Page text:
12/04/06 — Meadow Lane elementary student and family prepare for kidney transplant

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Meadow Lane elementary student and family prepare for kidney transplant

By Phyllis Moore
Published in News on December 4, 2006 1:45 PM

Ryan Carpenter's family has always known he will one day need a kidney transplant.

Born 10 years ago with a renal condition, tests showed early on that his kidneys were not fully developed.

"He has partial kidneys," mom Apryl Carpenter said. "They grow, but they don't have all the filters."

Her son has been on medications since birth. When he turned a year old, his kidneys just stopped, she said, requiring him to be hospitalized for a month and a half. Part of his treatment was dialysis, a temporary measure, but with 20 percent kidney function, a future possibility.

"We were told that once you go on dialysis it's not an ideal long-term treatment," she said. "They want to get as much out of what he has before he takes the next step."'

The youth has run the gamut of treatments available for his condition -- medications to control blood pressure and growth, shots to help with red blood cells, batteries of tests to regulate his progress.

Ryan, now a fifth-grader at Greenwood Middle School, feels fine, his mother said. To look at him, one would never suspect anything is wrong.

"There are two types of people," Mrs. Carpenter explained. "When you have something like this, they just go on with it and deal with it and it doesn't affect their lifestyle. The other type finds out, and it just devastates them."

In her son's case, Ryan has dealt with the prognosis since birth so he has managed to roll with it throughout. He is very active, but lately Mrs. Carpenter said she has noticed he will come in from playing and admit to being tired.

Doctors have told the family they have exhausted all the medications that will keep his kidneys functioning, but they will not give a specific time frame on when the kidney transplant will be scheduled.

In June, they learned that Preston Carpenter, Ryan's father, is a match.

"Ryan was my blood type," Mrs. Carpenter said, but being a diabetic, she cannot be a donor. Nor can daughter Keeley, 5, considered too young. Preston, however, has the universal blood type and is a viable candidate.

Social workers met with Ryan and his father separately, Mrs. Carpenter said, to allow each to speak openly and not feel any pressure.

"I think they've rolled with it, my husband more so," she said. "I think it scares Ryan a little bit, the reality. But I think once he (has the transplant), he'll feel much better."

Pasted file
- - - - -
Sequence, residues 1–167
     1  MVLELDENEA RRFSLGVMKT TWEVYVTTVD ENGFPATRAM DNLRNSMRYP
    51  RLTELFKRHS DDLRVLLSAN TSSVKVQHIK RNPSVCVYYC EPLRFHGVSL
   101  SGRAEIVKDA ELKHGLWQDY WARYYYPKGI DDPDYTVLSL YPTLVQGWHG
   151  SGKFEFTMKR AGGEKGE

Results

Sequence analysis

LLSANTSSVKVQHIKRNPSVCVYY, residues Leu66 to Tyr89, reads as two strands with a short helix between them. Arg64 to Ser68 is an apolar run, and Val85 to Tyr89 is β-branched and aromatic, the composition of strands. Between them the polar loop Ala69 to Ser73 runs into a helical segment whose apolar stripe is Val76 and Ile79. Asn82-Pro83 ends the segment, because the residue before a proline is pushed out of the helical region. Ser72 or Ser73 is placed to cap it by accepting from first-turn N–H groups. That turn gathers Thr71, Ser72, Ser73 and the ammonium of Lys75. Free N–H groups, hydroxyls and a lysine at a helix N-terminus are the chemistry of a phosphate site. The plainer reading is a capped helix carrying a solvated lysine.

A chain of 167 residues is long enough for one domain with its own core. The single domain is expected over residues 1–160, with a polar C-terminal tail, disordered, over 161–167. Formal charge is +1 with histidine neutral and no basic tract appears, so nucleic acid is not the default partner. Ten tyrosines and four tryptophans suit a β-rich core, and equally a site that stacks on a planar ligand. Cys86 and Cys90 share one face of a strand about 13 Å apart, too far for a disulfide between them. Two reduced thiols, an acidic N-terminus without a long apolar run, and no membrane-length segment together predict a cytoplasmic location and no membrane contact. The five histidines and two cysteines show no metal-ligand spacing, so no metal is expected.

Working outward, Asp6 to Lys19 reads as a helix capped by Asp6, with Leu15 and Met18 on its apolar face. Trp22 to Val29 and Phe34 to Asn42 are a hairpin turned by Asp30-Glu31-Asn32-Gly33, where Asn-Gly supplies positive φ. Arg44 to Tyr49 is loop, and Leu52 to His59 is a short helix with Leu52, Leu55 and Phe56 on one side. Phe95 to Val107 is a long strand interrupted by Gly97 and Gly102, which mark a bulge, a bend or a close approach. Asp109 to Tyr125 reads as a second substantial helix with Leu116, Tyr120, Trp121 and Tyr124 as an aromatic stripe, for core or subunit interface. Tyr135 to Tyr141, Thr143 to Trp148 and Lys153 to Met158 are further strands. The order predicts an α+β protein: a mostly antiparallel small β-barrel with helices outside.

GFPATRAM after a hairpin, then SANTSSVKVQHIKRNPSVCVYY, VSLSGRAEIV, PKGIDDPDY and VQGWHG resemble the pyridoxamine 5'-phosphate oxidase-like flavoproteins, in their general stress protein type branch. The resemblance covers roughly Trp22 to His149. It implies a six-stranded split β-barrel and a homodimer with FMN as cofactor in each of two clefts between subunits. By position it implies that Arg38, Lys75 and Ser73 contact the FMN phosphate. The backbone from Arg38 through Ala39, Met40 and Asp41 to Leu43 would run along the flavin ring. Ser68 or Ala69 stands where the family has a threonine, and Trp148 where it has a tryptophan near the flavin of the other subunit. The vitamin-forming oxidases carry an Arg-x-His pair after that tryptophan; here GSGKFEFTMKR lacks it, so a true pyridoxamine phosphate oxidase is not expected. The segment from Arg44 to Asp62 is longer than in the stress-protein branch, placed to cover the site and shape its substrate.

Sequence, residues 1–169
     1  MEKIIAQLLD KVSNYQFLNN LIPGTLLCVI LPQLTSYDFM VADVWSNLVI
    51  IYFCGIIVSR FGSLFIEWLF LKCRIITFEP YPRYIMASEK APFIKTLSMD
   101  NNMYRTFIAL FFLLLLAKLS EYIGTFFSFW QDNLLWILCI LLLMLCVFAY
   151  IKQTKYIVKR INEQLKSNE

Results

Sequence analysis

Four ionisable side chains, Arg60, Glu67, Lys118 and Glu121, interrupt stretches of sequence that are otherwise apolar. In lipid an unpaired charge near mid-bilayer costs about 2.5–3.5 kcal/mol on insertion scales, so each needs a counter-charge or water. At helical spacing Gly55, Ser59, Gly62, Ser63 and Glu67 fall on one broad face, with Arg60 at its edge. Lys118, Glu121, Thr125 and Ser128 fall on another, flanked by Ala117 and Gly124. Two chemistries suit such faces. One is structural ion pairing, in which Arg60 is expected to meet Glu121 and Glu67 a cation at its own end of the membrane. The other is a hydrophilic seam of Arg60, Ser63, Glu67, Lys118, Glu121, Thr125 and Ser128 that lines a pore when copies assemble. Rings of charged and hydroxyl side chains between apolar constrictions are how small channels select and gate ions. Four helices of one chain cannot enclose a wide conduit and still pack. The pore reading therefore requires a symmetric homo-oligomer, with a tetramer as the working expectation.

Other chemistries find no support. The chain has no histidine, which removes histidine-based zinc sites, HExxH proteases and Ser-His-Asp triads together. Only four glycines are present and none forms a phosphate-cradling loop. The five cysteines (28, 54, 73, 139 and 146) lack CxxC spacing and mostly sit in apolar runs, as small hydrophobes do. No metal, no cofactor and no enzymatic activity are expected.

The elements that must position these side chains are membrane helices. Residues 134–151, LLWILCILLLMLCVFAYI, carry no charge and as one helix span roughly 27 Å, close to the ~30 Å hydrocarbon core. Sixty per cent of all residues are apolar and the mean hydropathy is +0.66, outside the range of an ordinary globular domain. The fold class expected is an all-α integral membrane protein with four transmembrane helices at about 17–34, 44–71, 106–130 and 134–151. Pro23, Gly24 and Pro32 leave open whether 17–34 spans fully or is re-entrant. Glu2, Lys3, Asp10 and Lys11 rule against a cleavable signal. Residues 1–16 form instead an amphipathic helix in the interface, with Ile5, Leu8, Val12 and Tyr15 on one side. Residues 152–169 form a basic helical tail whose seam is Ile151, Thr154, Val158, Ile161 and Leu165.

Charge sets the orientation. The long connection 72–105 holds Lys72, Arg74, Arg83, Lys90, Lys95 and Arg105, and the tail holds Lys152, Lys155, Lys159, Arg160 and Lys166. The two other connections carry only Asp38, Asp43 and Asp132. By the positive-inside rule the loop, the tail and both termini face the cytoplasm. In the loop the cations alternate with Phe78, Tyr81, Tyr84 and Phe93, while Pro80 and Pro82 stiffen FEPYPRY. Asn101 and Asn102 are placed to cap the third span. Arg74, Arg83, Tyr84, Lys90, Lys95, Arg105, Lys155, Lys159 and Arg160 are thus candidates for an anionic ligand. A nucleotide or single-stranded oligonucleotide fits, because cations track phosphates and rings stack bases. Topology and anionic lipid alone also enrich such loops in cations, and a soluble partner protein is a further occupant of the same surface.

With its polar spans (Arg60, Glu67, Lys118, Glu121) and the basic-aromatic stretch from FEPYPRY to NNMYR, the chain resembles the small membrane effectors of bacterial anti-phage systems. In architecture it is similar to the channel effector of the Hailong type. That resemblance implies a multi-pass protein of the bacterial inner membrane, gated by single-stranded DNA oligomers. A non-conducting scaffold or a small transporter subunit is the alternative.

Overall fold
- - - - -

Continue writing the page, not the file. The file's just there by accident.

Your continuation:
As the time draws near for the surgery, both will be retested to make sure Preston is still a good match.

The transplant will not eradicate Ryan's battle, though. Doctors have said there are medications that he'll need for the rest of his life. Some of them, Mrs. Carpenter said, run about $1,000 a month, which would be cost-prohibitive.

"This is a lifetime thing," she said, something the family became keenly aware of when a grandparent tried to take out a life insurance policy on Ryan and was denied because of his pre-existing condition.

"We're just blessed he was born into a military family because that helped out ... but when my husband retires, insurance will adjust."

She said she has never felt comfortable asking for help. Even on those occasions when her husband has been deployed, she said she became fiercely independent -- juggling her children and her job as a third-grade teacher at Meadow Lane Elementary School until he returned.

So when she was approached by co-workers at the school lending support and offering fundraising efforts, she was hesitant at first.

"I didn't want to do it because I feel like once you get started it becomes real," she said.

Several fundraisers have already been held at the school -- proceeds from a valentines sale sponsored by Ryan's first-grade teacher Jenny Heim and her teammates, a blue jean ticket sale allowing staff to wear jeans to school, a trust fund set up by the federal credit union that to date has collected about $700.

Mrs. Carpenter said the outpouring of support has been a comfort, and she is learning to be a gracious receiver.

"I'm doing OK with it but when I stop and think about what everyone has done on their own just for Ryan, I'm really touched," she said. "People that you don't really know that well are willing to help out."

It has also blessed her young son.

When she told him about all the efforts on his behalf, she said he thought about it a moment and then said, "I'm special. Other people think I'm special."

That was something his mother already knew, though. Recalling the prognosis given to the family when he was born, she said Ryan has defied all the odds and hopefully will continue to do so.

"When he was born, they said he would be slow -- learning and speech -- he would not walk at the normal time. And he did," she said. "He started speaking at six months and has been on the honor roll since he's been in school."

The goal now is to wait, allow Ryan's body to grow and ready itself for his father's kidney and to maximize the use of his current kidneys with medication until it's time for the transplant.

On Saturday, Dec. 9, Meadow Lane will host a community yard sale in the school gym from 7 a.m. until noon to raise money for the trust fund already set up for the cause.

Contributions can also be sent to "Ryan Carpenter Trust," c/o Meadow Lane Elementary School, 3500 E. Ash St., Goldsboro, NC 27534.